For those approaching the world of drums, for those who have to choose which battery to buy or simply for those with somewhat confused ideas, let’s try to clarify a bit about the different types of wood used to build batteries.

Let’s start by saying that the woods used are many, especially since many artisans entered the market and like to experiment with new timbres/finishes in addition to the most famous woods.

“In the last decade there has been a boom in African and Asian woods”

For those like me who were musically born in the mid-90s, the most widely used wood for making batteries is maple.

Everyone wanted to sell us the maple and all the magazines in the sector praised the sound qualities of this wood. Even today the maple is considered the most versatile wood, indicated for Jazz, Pop, and Rock. Birch is also very common, it too sounds good and is quite versatile.



Since the Gretsch introduced Canadian maple, challenging the market that saw mahogany as the undisputed leader since then this wood has been growing. I challenge anyone of us who has read some industry forums not to have been overwhelmed by Keller’s Canadian maple post, supplier of the old (and for some unreachable) DW, the first Drum Sounds and many other emblazoned brands.

The sound of the maple is characterized by a very wide sound range, with a prevalence of low and warm tones, a good presence of mids which makes it very balanced and few high … Maple batteries usually strike for sound richness and warmth sound and power.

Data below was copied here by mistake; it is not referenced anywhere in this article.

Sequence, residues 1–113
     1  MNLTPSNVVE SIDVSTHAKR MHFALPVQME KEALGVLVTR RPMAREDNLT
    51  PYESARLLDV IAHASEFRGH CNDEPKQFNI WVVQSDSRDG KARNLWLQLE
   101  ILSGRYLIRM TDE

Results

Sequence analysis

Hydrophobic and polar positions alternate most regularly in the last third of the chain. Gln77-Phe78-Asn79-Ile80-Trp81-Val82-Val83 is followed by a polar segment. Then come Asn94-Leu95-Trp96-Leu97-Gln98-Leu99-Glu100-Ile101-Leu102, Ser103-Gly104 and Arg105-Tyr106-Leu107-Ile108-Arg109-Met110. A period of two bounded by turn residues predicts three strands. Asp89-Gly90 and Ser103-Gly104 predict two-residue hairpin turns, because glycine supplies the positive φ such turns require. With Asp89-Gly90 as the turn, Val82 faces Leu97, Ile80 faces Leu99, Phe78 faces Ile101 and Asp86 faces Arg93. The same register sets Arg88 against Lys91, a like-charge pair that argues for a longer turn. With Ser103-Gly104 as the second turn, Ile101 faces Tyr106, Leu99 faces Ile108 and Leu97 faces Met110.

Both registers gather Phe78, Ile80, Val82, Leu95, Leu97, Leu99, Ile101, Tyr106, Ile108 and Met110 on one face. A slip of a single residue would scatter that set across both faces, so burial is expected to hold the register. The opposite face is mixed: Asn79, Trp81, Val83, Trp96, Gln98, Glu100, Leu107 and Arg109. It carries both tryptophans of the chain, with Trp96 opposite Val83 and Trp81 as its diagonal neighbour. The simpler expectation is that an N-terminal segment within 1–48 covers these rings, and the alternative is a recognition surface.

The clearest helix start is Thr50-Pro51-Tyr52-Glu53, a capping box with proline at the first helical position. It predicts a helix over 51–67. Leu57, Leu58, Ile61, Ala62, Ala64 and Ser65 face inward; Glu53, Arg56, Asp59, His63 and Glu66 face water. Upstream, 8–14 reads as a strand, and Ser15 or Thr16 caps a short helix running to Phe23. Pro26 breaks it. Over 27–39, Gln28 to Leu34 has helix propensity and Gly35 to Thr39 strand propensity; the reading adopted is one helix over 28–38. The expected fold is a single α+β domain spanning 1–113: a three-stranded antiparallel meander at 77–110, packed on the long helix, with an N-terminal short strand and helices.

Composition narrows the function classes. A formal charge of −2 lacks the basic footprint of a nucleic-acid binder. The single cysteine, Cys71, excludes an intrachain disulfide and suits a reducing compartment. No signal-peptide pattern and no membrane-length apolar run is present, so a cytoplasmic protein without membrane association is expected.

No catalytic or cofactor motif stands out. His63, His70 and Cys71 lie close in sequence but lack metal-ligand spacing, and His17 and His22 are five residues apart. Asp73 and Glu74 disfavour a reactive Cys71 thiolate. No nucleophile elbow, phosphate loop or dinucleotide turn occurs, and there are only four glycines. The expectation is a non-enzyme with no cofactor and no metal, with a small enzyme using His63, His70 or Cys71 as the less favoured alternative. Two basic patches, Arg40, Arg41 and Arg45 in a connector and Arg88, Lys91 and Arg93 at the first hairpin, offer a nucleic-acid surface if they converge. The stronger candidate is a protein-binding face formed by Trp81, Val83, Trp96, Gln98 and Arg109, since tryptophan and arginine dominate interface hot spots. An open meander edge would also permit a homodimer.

Buying maple is almost always synonymous with excellent sound output, even if prices are often higher than other woods.


The birch is probably the most common type of shell currently on the market, these trees are very common which also allows keeping very competitive prices, slightly lower maple.

It is a wood known for its tonal qualities and in fact, many companies call it “naturally equalized”. This would be enough to give you an idea of ​​its main feature, in fact the sound of the drums made with this wood is more ringing, with more pronounced high and low frequencies.

The use for which the birch is particularly suitable is the one in the recording studio, but also live is an excellent instrument, especially enhanced in situations where the battery is not miked.

The birch, already famous, was made famous by Steve Gadd with his signature to some companies like Yamaha has built the fortune of many series (Recording Custom).

Ultimately the birch has a clear and distinct attack and is suitable for genres such as the Funky, the Fusion, but it is widely used by those who make rock in general, creating endless discussions with maple supporters.

“The endless war between maple and birch continues …”